How to Define Love

Love is an ineffable emotion that evokes strong feelings of affection, commitment, and respect. It’s what starry-eyed lovers whisper as they gaze at a sunset, what 8-year-olds shout to their mothers as they race toward the bus that will whisk them away to school, and what teenagers tell each other in the heat of a moment. It’s what parents feel for their children and what friends feel for each other, and it’s often a central part of religious and spiritual beliefs.

Despite its complexity, love is one of the most difficult emotions to consistently define. While some scholars have proposed definitions that distinguish love from other emotions, such as attachment and lust, these are not widely accepted by scientists and philosophers. Instead, psychologists have focused on the biological and psychological mechanisms that underlie love.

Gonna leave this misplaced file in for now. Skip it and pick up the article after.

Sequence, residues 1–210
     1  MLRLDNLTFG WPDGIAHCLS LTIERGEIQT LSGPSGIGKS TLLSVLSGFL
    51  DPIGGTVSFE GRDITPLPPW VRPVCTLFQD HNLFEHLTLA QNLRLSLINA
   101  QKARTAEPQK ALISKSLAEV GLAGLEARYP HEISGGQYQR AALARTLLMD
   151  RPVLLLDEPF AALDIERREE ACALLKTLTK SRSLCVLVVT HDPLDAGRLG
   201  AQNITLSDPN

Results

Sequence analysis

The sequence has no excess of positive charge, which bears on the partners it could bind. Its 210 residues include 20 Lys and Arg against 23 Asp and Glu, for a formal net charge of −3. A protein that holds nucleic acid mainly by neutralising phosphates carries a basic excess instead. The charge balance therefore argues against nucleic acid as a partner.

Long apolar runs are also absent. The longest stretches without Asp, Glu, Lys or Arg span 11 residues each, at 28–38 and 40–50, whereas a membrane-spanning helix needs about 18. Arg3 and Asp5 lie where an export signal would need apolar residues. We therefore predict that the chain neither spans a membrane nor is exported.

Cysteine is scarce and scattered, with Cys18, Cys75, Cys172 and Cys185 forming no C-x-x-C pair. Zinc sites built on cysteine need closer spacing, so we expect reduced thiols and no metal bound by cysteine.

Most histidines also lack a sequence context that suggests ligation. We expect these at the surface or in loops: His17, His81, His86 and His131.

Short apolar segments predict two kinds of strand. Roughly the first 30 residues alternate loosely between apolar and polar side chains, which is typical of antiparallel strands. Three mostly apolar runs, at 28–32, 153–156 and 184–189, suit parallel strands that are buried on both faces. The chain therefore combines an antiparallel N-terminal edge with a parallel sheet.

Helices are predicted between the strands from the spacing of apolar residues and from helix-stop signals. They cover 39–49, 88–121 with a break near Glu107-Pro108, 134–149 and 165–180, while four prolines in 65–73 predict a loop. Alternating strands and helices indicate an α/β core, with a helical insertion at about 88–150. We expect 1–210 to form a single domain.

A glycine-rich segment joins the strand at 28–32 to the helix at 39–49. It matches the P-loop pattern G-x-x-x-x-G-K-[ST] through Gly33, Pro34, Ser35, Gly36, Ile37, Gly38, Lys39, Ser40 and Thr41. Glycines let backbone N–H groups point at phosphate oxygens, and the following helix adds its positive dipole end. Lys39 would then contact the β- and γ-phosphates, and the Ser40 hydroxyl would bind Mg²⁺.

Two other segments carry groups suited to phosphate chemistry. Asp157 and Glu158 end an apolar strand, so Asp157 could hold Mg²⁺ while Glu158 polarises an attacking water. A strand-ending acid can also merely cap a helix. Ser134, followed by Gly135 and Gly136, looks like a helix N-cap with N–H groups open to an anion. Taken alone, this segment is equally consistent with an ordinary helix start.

For example, researchers have found that people in love show heightened activity in parts of the brain associated with reward and motivation. They also tend to show less activity in the frontal cortex, an area of the brain crucial to judging and reasoning. Moreover, they experience a reduced sense of anxiety and a heightened sense of euphoria.

But the most important factor is how you behave when you’re in love. For instance, you may forgive someone for their shortcomings or act selflessly to make their lives easier. You might also want to give yourself and other people a chance, and avoid being jealous or possessive.